Underscoring the irony, as the blog's publisher Tom Goldstein notes, is the fact that the Standing Committee of Correspondents that made this decision sent it around just as the latest Supreme Court rulings were coming out, and about 10,000 readers were all watching the SCOTUSblog's live blog about it. Adding more insult, the Senate Gallery released that decision to others in the press, so that SCOTUSblog found out about it on Twitter from others, rather than directly.
And the actual SCOTUSblog post:
#SCOTUSblog #traditionalmedia #techdirt
Congratulations, general public and major media outlets, you've brought the rest of us to a place where a website that tells ghost stories has to put out a disclaimer that their stories of the supernatural are fictional. The very fact that this has to be written is the latest indictment on a scapegoat-seeking public that is far more interested in feeling better by blaming an innocent third-party than actually tackling the problem with which they're presented or the reality in which they must endure.
Watt, by contrast, evidently earned no money from the scheme and didn’t participate directly in the breaches or possess stolen card data. His primary overt act was to code the sniffer tool for Gonzalez, for which he received no payment.
[ ... ]
Though U.S. District Judge Nancy Gertner acknowledged that Watt’s role in the “mightily, mightily malicious and irresponsible” scheme was minor, she gave him two years in prison and ordered him to pay restitution in the amount of $171.5 million. [ ... ]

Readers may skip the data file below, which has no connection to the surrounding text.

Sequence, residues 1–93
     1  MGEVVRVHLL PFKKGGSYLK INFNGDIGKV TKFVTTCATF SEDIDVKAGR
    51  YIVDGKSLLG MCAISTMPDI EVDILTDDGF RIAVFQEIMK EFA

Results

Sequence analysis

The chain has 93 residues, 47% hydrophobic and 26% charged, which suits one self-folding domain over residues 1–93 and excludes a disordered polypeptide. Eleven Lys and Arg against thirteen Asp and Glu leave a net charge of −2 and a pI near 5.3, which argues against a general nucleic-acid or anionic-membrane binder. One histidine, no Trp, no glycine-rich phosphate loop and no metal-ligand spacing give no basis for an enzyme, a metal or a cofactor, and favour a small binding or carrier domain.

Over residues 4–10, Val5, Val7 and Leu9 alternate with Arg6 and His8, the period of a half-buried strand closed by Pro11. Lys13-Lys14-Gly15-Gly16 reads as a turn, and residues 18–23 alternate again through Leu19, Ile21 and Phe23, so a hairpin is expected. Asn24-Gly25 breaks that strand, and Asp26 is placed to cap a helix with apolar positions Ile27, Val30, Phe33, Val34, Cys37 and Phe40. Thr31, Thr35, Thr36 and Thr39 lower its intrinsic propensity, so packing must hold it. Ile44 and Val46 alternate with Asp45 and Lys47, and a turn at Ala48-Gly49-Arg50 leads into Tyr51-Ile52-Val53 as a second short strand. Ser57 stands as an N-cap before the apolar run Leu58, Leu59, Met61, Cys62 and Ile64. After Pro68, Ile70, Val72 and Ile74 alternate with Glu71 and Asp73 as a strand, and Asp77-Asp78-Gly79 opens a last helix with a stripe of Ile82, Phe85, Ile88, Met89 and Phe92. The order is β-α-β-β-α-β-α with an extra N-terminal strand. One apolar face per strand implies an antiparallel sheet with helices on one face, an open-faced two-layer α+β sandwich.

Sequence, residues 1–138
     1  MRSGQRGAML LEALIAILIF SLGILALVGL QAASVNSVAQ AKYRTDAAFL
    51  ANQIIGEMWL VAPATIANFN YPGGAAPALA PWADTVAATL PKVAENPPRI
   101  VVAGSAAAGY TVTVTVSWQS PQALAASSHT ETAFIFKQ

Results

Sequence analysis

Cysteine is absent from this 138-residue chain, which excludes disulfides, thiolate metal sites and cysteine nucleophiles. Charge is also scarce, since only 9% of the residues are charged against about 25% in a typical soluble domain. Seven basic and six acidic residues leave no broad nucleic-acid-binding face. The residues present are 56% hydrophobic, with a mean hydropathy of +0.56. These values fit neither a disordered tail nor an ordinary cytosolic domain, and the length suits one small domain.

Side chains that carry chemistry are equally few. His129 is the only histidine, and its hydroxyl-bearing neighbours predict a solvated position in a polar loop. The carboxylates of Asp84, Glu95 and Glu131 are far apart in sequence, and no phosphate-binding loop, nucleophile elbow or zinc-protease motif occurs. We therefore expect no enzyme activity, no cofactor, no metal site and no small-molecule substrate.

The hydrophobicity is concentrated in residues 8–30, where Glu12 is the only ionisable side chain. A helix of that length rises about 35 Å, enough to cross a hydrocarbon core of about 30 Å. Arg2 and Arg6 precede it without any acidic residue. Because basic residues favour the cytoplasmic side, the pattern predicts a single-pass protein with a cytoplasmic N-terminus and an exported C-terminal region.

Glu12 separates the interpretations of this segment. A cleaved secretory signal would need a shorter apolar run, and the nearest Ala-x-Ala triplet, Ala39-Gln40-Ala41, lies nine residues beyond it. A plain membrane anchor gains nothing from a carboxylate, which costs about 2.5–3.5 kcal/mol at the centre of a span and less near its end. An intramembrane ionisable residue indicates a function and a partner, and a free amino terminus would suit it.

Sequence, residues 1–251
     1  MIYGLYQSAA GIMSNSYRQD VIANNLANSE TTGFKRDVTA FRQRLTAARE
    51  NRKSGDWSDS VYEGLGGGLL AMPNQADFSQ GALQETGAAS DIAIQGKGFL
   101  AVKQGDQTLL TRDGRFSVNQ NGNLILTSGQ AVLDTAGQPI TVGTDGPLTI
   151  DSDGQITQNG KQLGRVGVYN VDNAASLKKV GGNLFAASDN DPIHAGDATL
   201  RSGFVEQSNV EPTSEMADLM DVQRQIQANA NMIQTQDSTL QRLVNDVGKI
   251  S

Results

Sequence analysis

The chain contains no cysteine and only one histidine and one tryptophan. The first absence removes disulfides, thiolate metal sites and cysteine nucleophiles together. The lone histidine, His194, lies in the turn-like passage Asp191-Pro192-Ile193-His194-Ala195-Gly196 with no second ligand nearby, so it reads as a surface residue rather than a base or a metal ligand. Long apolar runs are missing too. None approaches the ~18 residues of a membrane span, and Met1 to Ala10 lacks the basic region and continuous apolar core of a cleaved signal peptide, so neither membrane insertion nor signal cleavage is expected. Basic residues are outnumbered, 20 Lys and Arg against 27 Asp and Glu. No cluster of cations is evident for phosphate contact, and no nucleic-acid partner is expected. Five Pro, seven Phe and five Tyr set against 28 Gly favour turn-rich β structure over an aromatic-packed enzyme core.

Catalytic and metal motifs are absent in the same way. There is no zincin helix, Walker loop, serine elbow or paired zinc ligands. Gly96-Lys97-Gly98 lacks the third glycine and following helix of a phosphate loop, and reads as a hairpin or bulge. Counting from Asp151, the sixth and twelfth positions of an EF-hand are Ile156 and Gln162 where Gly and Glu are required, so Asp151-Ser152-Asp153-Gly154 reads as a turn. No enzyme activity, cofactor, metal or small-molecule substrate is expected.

#wired #stephenwatt #stephenheymann
Using an example of a current crisis, it said that Russia could use armed drones in Ukraine under the justification that it was killing anti-Russian terrorists and then refuse to disclose the intelligence that served as the basis for the strike.
“In such circumstances,” the report asked, “how could the United States credibly condemn Russian targeted killings?”
He led off by agreeing with the several executive speakers that true competition is the way of the future, and the best way to serve consumers. “But we haven’t given competition the chance it needs,” he continued, before referring to how poorly U.S. broadband compares on the global stage. “We have fallen so far short that we should be ashamed of ourselves. We should be leading, and we’re not. We need to get serious about broadband, we need to get serious about competition, we need to get serious about our country.”
“Our Government is the potent, the omnipresent teacher,” Brandeis concluded. “For good or for ill, it teaches the whole people by its example. Crime is contagious. If the Government becomes a lawbreaker, it breeds contempt for law; it invites every man to become a law unto himself; it invites anarchy. To declare that in the administration of the criminal law the end justifies the means — to declare that the Government may commit crimes in order to secure the conviction of a private criminal — would bring terrible retribution.”
One of the core pillars of academic research is sharing. By letting other researchers know what you do, ideas are criticized, improved upon and extended.
Unfortunately it’s not always easy for academics to share their work. Most of the top publications are being monetized by major publishers, which means that they are locked behind a paywall that’s not open to the public.
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The Constitution does not support this decision. The decision shows a contemptuous understanding of the history and role of intellectual pro